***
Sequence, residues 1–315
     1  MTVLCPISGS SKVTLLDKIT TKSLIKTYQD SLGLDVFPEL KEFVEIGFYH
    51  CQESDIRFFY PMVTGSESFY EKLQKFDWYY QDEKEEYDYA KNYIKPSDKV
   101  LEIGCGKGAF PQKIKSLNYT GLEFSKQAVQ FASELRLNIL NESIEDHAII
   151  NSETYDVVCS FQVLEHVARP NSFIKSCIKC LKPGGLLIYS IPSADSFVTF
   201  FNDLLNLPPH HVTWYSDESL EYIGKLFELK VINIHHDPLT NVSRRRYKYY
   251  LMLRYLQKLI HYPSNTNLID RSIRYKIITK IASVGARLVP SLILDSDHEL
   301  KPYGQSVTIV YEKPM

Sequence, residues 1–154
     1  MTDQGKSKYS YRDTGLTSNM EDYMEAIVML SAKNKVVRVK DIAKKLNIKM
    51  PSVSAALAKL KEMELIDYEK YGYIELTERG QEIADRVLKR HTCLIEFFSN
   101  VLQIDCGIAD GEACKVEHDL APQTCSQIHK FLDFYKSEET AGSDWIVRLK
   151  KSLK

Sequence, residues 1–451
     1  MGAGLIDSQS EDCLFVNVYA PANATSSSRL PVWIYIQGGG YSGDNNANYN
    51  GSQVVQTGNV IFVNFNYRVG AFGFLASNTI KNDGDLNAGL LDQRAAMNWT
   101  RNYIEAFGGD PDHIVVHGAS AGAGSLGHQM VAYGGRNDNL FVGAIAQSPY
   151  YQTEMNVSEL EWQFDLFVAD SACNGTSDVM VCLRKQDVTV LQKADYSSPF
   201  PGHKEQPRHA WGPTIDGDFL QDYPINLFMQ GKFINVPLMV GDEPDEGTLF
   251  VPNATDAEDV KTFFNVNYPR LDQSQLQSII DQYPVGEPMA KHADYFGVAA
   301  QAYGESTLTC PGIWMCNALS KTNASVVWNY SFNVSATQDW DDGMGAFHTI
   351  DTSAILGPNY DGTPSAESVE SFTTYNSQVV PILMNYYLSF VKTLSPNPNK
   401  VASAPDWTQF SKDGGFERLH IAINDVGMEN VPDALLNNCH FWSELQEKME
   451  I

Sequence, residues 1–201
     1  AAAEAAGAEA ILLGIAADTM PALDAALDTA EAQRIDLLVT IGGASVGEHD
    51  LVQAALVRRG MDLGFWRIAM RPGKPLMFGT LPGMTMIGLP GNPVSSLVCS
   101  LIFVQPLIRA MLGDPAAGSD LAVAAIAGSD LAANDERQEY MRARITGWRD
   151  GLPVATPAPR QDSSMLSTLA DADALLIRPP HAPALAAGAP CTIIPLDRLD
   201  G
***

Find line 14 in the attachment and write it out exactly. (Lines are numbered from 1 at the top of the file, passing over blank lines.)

Sequence, residues 1–451